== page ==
Gamasutra (game developers site) heeft een artikel gepost over de performance van game consoles en hoe game developers het voor elkaar krijgen om steeds maar weer hogere prestaties uit onveranderde hardware te purken. Hier een hap (rechtstreek geript van VE, bdw):
Another problem with having a large variety of hardware is that the video game developer cannot reliably predict a user's personal set-up. This lack of information means that a game can not be easily tailored to exploit the strengths and circumvent the weaknesses of a particular system. For example, if all PC's had hard-drives that were all equally very fast, then a game could be created that relied on having a fast hard-drive. Similarly, if all PC's had equally slow hard-drives, but had a lot of memory, then a game could compensate for the lack of hard-drive speed through various techniques, such as caching data in RAM or pre-loading data into RAM. Likewise, if all PC's had fast hard-drives, and not much memory, then the hard-drive could compensate for the lack of much memory by keeping most of the game on the hard-drive, and only spooling in data as needed.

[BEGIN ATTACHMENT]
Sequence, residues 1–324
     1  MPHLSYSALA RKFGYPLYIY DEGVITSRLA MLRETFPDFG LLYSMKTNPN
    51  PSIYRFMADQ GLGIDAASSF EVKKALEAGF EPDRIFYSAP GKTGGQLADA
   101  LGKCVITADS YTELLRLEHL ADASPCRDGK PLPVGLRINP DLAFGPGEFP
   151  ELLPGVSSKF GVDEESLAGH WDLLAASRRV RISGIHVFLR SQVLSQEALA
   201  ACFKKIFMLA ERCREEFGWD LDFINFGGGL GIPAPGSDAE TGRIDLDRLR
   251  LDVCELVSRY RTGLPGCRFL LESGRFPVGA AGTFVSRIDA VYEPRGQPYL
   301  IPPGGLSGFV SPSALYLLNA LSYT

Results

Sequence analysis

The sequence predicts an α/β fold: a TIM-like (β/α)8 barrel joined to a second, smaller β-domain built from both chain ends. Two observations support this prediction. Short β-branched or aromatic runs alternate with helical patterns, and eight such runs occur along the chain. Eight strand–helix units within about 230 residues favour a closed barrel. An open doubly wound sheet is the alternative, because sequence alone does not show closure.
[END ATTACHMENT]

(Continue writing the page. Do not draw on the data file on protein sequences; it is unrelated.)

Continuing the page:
Another good example is the difference between polygon rendering capabilities. There is an enormous variation in both performance and effects between hardware assisted polygonal rendering, such that both the look of rendered polygons and the amount of polygons that can be rendered in a given amount of time can vary greatly between different machines. The look of polygons could be made consistent by rendering the polygons purely through software, however, the rendering of polygons is very CPU intensive, so may be impractical since less polygons can be drawn, and the CPU has less bandwidth to perform other functions, such as game logic and collision detection. Other bottlenecks include CD drives, CPU speeds, co-processors, memory access speeds, CPU caches, sound effect capabilities, music capabilities, game controllers, and modem speeds to name a few.